36 29 Leadership Secrets from Jack Welch For one thing, it was vulnerable to GE managers deﬁningmarkets in ways that beneﬁted them. GE managers learned todeﬁne their markets in ways that guaranteed an outcome ofnumber one or two, often by deﬁning their own markets far toonarrowly. For example, GE’s power-generation business developed prod-ucts for the large utilities and deﬁned its market as “large powerplants.” But by so doing, the division neglected the increasinglyimportant distributed-power market. Welch ordered the strategy revised in early 1996. The reﬁne-ment came at an opportune time: just as GE was planning toexpand its service offerings. For example, for years, GE had serv-iced only GE aircraft engines. In 1997, however, it expanded thebusiness and started to offer repair and parts for Pratt & Whitneyand Rolls Royce engines. Might redeﬁning these markets make it more difﬁcult for di-visions to retain their hard-won number one or number twopositions? Temporarily, perhaps. But Welch insisted that hewould stay the course as long as he was convinced that the com-pany was (a) building on strengths and (b) had the opportunityto be number one. By revising the Number One, Number Two strategy, Welchfaced reality, embraced change, shook things up, and forced hiskey managers to scrutinize their businesses all over again.WELCH RULES ➤ Develop market-leading businesses. Number one and number two businesses can withstand downturns, but laggards fall further behind when times get tough. ➤ Deﬁne markets broadly. Don’t make the mistake of deﬁning markets so narrowly that you shut yourself out of growing market segments.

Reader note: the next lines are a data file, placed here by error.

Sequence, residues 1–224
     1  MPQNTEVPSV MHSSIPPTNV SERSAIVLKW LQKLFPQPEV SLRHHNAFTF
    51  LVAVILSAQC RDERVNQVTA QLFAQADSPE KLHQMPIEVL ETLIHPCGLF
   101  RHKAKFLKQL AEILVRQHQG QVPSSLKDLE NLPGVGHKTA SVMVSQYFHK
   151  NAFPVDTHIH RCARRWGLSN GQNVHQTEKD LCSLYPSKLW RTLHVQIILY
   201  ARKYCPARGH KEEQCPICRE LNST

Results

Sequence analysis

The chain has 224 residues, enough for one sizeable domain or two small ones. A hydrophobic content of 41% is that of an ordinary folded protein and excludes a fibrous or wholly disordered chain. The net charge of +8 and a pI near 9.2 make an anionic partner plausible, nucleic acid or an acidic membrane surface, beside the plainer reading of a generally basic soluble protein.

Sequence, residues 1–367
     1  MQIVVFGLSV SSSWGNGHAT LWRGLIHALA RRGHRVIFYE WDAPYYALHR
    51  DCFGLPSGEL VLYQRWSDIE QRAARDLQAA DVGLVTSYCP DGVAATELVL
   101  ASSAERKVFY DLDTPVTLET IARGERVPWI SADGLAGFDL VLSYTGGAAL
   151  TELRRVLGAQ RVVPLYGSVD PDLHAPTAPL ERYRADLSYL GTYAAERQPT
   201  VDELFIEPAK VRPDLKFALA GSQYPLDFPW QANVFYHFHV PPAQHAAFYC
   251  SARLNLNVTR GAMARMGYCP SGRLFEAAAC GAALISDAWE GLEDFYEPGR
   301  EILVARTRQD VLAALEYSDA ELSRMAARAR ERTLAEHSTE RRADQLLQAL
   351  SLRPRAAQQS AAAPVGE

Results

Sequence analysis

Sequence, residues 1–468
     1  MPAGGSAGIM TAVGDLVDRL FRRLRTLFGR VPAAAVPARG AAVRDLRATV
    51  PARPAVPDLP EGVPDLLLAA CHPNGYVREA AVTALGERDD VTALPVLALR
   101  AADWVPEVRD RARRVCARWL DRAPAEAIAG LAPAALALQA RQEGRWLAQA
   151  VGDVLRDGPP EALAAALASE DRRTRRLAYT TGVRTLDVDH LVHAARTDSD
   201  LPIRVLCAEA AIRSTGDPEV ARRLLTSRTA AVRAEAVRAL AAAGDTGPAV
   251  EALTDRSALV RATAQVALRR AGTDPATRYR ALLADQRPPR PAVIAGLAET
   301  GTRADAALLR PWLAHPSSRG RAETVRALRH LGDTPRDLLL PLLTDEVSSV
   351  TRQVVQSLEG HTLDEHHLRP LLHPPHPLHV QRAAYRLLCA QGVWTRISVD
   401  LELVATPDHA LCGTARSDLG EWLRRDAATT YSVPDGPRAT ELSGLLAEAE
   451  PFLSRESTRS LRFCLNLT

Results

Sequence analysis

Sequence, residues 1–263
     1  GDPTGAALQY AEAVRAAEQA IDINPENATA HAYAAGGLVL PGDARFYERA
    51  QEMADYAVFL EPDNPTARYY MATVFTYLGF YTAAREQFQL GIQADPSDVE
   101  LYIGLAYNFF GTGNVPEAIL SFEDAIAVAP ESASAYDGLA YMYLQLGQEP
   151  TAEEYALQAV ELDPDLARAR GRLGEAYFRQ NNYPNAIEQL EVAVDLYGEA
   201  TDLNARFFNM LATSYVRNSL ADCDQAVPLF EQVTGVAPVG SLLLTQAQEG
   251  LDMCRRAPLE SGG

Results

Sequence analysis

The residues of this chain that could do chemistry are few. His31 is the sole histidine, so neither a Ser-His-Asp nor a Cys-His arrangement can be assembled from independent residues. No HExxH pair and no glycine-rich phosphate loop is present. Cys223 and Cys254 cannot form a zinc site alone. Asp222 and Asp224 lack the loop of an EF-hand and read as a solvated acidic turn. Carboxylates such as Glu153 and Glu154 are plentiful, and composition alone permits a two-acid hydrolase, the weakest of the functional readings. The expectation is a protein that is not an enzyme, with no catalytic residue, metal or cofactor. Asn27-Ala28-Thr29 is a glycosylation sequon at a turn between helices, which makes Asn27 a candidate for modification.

38 29 Leadership Secrets from Jack Welch DOWNSIZING: AN UPHILL BATTLEPrior to the 1980s, conventional wisdom decreed that employeesshould be let go only as a last resort and only when a companywas on the brink of a major business reversal. So when “downsizing” ﬁrst appeared on the American busi-ness landscape, it was taken as an indication of a serious declinein the downsizing company’s fortunes. Or perhaps worse, it wasseen as an evasion of corporate social responsibility. Apart from that, it was difﬁcult to ﬁre people. One principle that labor unions had hammered into theAmerican consciousness was the right of every individual to holda job. To some extent, this translated into a right not to be ﬁred. Meanwhile, the politicians in Washington had accepted thenotion that jobs, especially in one’s home district, were moreimportant than a corporation’s bottom line. And for their part, corporate managers had little appetite forﬁring employees. Some didn’t want to make the tough decisions.Others believed in the principle of job security, arguing that itfostered loyalty and productivity. Jack Welch, however, believed that lifetime employment wasa failed strategy. GE’s competition in the early 1980s was comingfrom foreign ﬁrms whose workers had achieved higher produc-tivity rates. To compete with those companies, GE would haveto invest in new equipment and cut payrolls. Welch’s position constituted a dramatic shift in corporatethinking. In 1981, GE rang up proﬁts of $1.5 billion, and thecompany didn’t appear to be in trouble. The effect of Welch’sdownsizing program would be to put thousands of GE employ-ees out of work. His tactics soon made him one of the mostcontroversial CEOs in America. It was an uphill battle and no doubt a lonely one. No otherAmerican CEO reached the decision to perform radical surgeryon his or her own company, even before conclusive evidence ofa life-threatening illness had emerged. Welch stood alone.